Point two five – it’s only a tremor.
Sit back, relax and ignore it.
Sip your tea if you can.
|Kenton Friesen, Business Edge|
|Higher interest rates may eventually bring equilibrium to red-hot housing sector.|
The trouble is not with the tremor itself, it’s what it may point to.
Is there a real threat of dishes falling off walls and seismologists going nuts, or is it a barely perceptible oscillation merely meant to add a little variety to a workday?
The Bank of Canada’s quarter-point interest rate increase to 2.25 per cent last week would have been yawnable in the yo-yo market of the late 1980s and early 1990s (it bounced from 8.58 per cent up to 13.9 and then down to 4.41 in just over five years) and laughable in the crazed market of the early 1980s (with the rate cresting at 21.03 per cent in August of 1981 and swings of up to 1.66 percentage points in one month).
But this is different.
This puts an end to the investor’s fiesta of free-falling interest rates. (The central bank cut its overnight rate 10 times between January 2001 and January 2002, diving from 5.75 to two per cent in an attempt to keep the country out of recession.)
This takes us off the record-setting low that hasn’t been matched since 1955. Analysts predict the hike is the first of a series that could take us close to five per cent in 2003.
Now, if analysts were always right, we’d all be sitting pretty – locking when things should be locked, floating when there’s no fear of drowning.
But the unpredictable turns and timing in the markets are keeping Edmonton’s real estate investors guessing.
Case in point is Canada’s twisted initiative to raise its base rates ahead of any other industrialized nation, including our big brother to the south.
United States Federal Reserve chairman Allan Greenspan appears in no rush to raise U.S. interest rates, perhaps allowing the economy to gather some steam before shaking the system.
But here in Canada, the powers must feel we’ve gathered enough steam, though critics including Bank of Montreal economist Sherry Cooper said she is disappointed the increase has come at such an uncertain time.
The quarter point does not come as a complete surprise. In the second week of March, Bank of Canada governor David Dodge made some candid remarks about a potential increase in rates.
At the time, many analysts believed the first hike would come this fall, though some, such as Ted Carmichael, chief economist at J.P. Morgan Securities Canada Inc., speculated it would arrive as early as June 4 (the next pre-set date for rate adjustment).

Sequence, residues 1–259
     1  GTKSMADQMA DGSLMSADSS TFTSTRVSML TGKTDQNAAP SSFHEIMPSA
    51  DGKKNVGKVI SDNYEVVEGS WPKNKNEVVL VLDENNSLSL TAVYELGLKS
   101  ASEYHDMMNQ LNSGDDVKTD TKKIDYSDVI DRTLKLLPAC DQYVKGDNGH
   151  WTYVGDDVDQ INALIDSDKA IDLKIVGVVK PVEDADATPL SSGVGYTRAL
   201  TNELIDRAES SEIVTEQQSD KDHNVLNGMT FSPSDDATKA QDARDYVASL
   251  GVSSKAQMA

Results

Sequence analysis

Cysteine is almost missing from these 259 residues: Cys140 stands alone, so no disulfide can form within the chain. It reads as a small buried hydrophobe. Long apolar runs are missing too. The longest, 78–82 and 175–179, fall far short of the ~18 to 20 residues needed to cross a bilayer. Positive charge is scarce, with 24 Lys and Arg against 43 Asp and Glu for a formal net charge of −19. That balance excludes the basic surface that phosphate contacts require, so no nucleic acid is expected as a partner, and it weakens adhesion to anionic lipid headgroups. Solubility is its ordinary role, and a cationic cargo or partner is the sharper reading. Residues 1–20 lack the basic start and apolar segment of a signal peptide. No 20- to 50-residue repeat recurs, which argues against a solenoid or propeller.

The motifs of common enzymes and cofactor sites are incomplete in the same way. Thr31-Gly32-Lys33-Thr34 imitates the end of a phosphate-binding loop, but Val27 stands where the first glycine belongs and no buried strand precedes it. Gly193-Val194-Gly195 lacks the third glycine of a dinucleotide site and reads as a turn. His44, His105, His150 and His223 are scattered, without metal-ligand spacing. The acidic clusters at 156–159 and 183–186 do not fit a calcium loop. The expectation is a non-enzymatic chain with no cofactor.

Does this early move mean another step-up is coming in June?
What is the average mortgage holder to do? And what about the casual investor who owns some revenue properties and could lose a shirt with a wrong guess?
One thing’s for certain. When prime rates for mortgages sit at 3.75 per cent and banks are offering floating deals well below that, the option of going lower is pretty slim.
A clue that we were reaching the bottom came more than three years ago in December of 1998 when the chartered banks’ prime rate was 6.75 per cent and the five-year rate was 6.6, the lowest in recent history.
One month later, the five-year rate jumped to 6.9 per cent and has remained above prime since.
Richard Goatcher, the Canadian Mortgage and Housing Corporation’s senior analyst for Edmonton, sees the impact of the recent hike falling on first-time homebuyers who are buying insured mortgages at five per cent down and needing to qualify for minimum three-year mortgage terms.
“The long rates are moving up much more than the short rates,” says Goatcher.
“There are a certain number of buyers out there who are right on the margin – another increase in rates and they no longer qualify. Any time those rates kick up even half a percentage point there’s going to be a group of buyers who are now priced out of the market.”
The other short-term impact will be a shaking of the fence, knocking all those waiting for the lowest possible rates into buying mode.
But if rates continue to rise, the fence-shaking will be short-lived and the higher rates will eventually bring some equilibrium to Edmonton’s red-hot market.
It’s an eyes-wide-open time as money looks like it might start costing something again.